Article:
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Devin Townsend Discusses His Epic Workload, James Hetfield

Posted by on February 20, 2013

Devin Townsend is the mad Canadian mastermind behind the Devin Townsend Project, all things Ziltoid and the former mainman of Strapping Young Lad. Prior to his Sacramento performance at the Ace of Spades, Townsend and I met in a shady alley that smelled like burgers to discuss his current tour, his upcoming self-induced music release dryspell, the next installment of Ziltoid and much more.

So, you were out with a back massage earlier?

Oh, acupuncture.

How are you doing now?

I’m ok. I’ve got forty years of use on this back, so every now and then it goes out of whack.

My inner pessimist was like, “Oh no, Townsend’s not playing tonight.”

No, I’ll be playing. I’m always playing. I just whine while I do it.

I was actually at the show last night, (At the Fillmore in San Francisco) because I’m that kind of fan apparently –

Oh awesome, man. Thanks.

I read on twitter, was it true that James Hetfield was at the show last night?

Haha yeah.

How was that? Did you interact with him at all?

Of course not. As I said on Twitter, I think the thing that makes Metallica Metallica is the fact that they’ve always gone out of their way, maybe not as much lately, but when they were getting popular, they were like the cool guys. I think if we were in high school, James and I probably wouldn’t have spent that much time together. So, probably him watching me last night was similar to him going to drama class in high school and watching the “queers.” I actually love James Hetfield. It’s a huge inspiration, just as a dude lately because of the sobriety thing. It’s like really cool. I like how he put himself out on the line unashamedly, sort of, been a spokesperson for that kind of lifestyle. I appreciate that. He took a lot of flack. With that being said, if there’s anybody that I would not have expected to enjoy or understand what I do, he’d be in the top ten.

How’s the whole Retinal Circus process going right now with mixing and all that?

Well, the mix is pretty much done. I finished it just before this tour. I just sent it to mastering. I mean there’s elements of it I can still kind of tweak while I’m out here, and have been, but in terms of the whole project, we’re still deep in it. The video editor is still putting it together and I’m still making notes, and there’s still artwork to do. I’d say, within a month, it’ll be completed and hopefully for a spring release. That things awesome, man. It’s killer.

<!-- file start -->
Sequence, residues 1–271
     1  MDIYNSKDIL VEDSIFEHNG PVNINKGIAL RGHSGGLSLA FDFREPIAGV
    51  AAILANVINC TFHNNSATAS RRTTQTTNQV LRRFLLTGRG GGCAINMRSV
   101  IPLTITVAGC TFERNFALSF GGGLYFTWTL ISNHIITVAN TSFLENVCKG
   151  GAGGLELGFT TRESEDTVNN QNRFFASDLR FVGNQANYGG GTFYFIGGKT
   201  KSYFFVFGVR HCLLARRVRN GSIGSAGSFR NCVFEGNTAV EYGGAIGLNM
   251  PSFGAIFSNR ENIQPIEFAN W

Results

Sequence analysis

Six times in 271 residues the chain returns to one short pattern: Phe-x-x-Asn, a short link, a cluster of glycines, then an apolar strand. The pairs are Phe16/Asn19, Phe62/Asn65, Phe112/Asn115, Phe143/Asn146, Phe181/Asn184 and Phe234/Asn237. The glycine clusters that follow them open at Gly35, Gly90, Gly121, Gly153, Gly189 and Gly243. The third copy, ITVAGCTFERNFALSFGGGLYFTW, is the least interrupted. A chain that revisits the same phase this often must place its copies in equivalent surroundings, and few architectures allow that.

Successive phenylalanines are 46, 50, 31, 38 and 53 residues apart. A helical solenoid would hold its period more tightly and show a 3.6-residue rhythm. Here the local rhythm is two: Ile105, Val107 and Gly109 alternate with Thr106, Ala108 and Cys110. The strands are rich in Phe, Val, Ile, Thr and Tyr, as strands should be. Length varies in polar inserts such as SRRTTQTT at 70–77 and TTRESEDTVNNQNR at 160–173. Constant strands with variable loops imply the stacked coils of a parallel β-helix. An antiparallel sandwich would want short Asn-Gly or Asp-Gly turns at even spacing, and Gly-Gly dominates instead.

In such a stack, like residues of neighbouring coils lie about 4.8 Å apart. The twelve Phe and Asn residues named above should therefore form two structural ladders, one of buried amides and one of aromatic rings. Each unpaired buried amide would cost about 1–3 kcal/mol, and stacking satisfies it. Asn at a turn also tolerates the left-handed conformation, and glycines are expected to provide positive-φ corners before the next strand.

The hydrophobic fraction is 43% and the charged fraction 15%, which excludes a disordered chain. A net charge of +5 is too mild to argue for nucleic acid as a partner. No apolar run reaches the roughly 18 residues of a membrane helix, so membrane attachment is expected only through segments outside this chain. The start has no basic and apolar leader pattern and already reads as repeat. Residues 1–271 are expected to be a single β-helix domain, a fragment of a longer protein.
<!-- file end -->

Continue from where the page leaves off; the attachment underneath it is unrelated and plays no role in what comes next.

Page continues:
I wound up catching the live feed, which I know you had –

Ugh, oh yeah.

I know you’ve talked about the shit audio on it.

You gotta see this version. It’s pretty overwhelming. It’s like such a clusterfuck on stage too. Whether or not people who’re new to it understand what I’m trying to do, I like the idea that it’s like…when I watch it I’m like, “That’s pretty much how I feel it should look like.” For better or for worse, it’s like this crazy chaos.

What inspired the setlist for that? I know you were trying to do an overarching thing of your entire career, so was it just trying to get a bit of everything?

Yeah, I tried to get a bit of everything, but at the end of it, it was most important to include the songs that we could illustrate the best. The show itself had this peculiar story and so that story arc required me to choose songs that would contribute to that, rather than just elbow it in there. So we missed some stuff. Terria wasn’t in there, and whatever, but it leaves room for the next thing.

Since then has there been a rise in people asking about Strapping (Young Lad), because Jed (Simon, former SYL guitarist) was there?

Not really.

Or to people get that that was the nail in the coffin?

I think you get the impression that people like to be contrary. Whatever you’re doing, your going to get a faction of people that want to be contrary to it just because maybe that’s how they live their life. You know, be the one guy in a band that says no to things that everybody else says yes to, because it gives them attention or whatever. So, I find a faction of people like that, and then another faction similar to me that just really like the music. What I tried to do with Retinal was play the stuff and include Jed in it to say, “Look I’m not afraid of this shit. I wrote it!” It was a huge part of my life. If somebody said to me, “Why do you choose to do Devin Townsend Project and not Strapping now?” the easiest answer is, I was incredibly fucking unhappy and now I’m incredibly happy.

Good!

And if anyone says, “Why not go back to being unhappy?” I’d be like, ‘that’s your trip man. Good luck!’

That question answers itself.

There it is.

How is Casualties (of Cool) coming?

I’ve got about ten songs recorded, and Ché (Aimee Dorval) and Morgan (Ågren) have sort of thrown their stuff into the mix consistently, but it’s been so much material with Retinal and everything coming up, I feel like I run the risk of over-saturating the people who’ve been listening. And so, THAT, the over-saturation of it combined with the realization recently that my workaholic tendencies are something that, perhaps, my addictive personality has transferred to, and ultimately this obsessive need to be productive is starting to show signs of being ill advised. So, I’m standing away from the uber-productivity after Retinal for a bit. I’m gonna still write, I’m gonna still record –

But, as far as putting it out there, you’re going to hold back?